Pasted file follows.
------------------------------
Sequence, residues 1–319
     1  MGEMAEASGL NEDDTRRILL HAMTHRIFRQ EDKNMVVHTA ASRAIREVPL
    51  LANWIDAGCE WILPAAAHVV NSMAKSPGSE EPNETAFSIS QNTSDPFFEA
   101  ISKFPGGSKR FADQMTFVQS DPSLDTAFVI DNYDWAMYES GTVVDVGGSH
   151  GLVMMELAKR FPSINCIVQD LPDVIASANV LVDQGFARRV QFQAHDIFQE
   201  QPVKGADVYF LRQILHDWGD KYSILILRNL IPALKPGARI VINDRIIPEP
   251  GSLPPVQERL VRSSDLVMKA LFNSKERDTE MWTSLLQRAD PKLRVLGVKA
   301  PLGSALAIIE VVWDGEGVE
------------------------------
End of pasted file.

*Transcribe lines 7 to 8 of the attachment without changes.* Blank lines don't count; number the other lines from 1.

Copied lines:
   251  GSLPPVQERL VRSSDLVMKA LFNSKERDTE MWTSLLQRAD PKLRVLGVKA
   301  PLGSALAIIE VVWDGEGVE